The Lift% for a group (test or global control) is calculated by comparing the conversion for that group with the conversion for the baseline.
Lift%Test Group = (ConversionTest Group/ConversionBaseline) - 1
If the Lift % > 0, it is an improvement. If the Lift % < 0, it is a degradation.
It is the estimate number of incremental users who completed the goal when compared to the baseline.
Estimated Lift = Total CompletedTest Group x (ConversionTest Group - ConversionBaseline)
The statistical likelihood or probability (p’%) that the improvement (or degradation) observed from the experiment is correct. So if you were to infinitely repeat this experiment, you would observe the same improvement p’% of the time.The 𝝌2 test (chi-squared test) is used to calculate the confidence level.
p’ = 1 - p(𝝌2)
|Statistical Significance||When the Confidence Level is higher than 90%, this indicates that the results are statistically significant. However, you can use a higher or lower confidence level based on your experimentation objectives.|
|Confidence Interval||The range of values within which the conversion for the group will lie p’% (i.e. confidence level percentage) of the time.|
You can also plot the goal event as a time series for each user group. This chart shows the performance of each user group over a period of time.
You can view all the campaigns for which holdout testing is enabled from the Campaign index page by selecting the Holdout Enabled option for the Holdout Status filter.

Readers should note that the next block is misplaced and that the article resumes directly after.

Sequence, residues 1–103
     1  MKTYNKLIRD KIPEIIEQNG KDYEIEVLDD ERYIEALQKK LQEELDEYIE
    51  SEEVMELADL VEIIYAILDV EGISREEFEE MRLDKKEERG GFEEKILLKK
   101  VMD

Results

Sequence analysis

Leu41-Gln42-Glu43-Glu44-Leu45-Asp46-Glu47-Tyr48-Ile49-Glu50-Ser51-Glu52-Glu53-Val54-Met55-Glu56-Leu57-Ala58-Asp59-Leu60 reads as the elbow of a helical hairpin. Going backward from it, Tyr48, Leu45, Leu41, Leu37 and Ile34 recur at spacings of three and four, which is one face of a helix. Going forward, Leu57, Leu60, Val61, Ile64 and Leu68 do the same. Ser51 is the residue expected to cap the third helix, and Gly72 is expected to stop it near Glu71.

To view the Holdout report for a particular campaign, click Holdout Report in the actions menu for that campaign.
You can also view the holdout report for a campaign from the Reports tab for the campaign.
You may observe differences in the counts of goal events when comparing holdout reports to campaign detail/ summary reports or Insights reports.
Attribution: The important thing to keep in mind is that campaign statistics are based on the attribution logic you’ve selected for your account. This means that we will attribute a goal event to a campaign based on the user’s campaign interaction.
Holdout reporting shows goal event statistics independent of campaign attribution. In other words, we will show how many goal events were completed by the users during the period of time used for reporting. The user does not have to interact with the campaign for us to count the goal event. This is the entire purpose of holdout reporting. We are trying to compare the results of the test group to the control group of users who didn’t receive the campaign. Just like users in the control group complete the goal event without interacting with the campaign, users in the test group do the same. What we are trying to determine is whether more users in the test group complete the goal event than those in the control group.
Confidence: Your observations from a holdout experiment can be random unless you have collected enough data to average out the randomness.
For example, if you toss a coin, there is an equal probability of heads or tails showing up. If you toss the coin only twice, there is no guarantee that it will be heads once and tails the other time. However, if you toss the coin 1000 times, it is more likely that it will be heads close to 500 times.
This is called the law of large numbers. The same theory applies to your holdout experiments. Hence you should be careful about any conclusions you arrive at from the holdout reports for a campaign. The holdout report includes a confidence level and confidence interval so that you can ensure that the results of your experiment are statistically significant.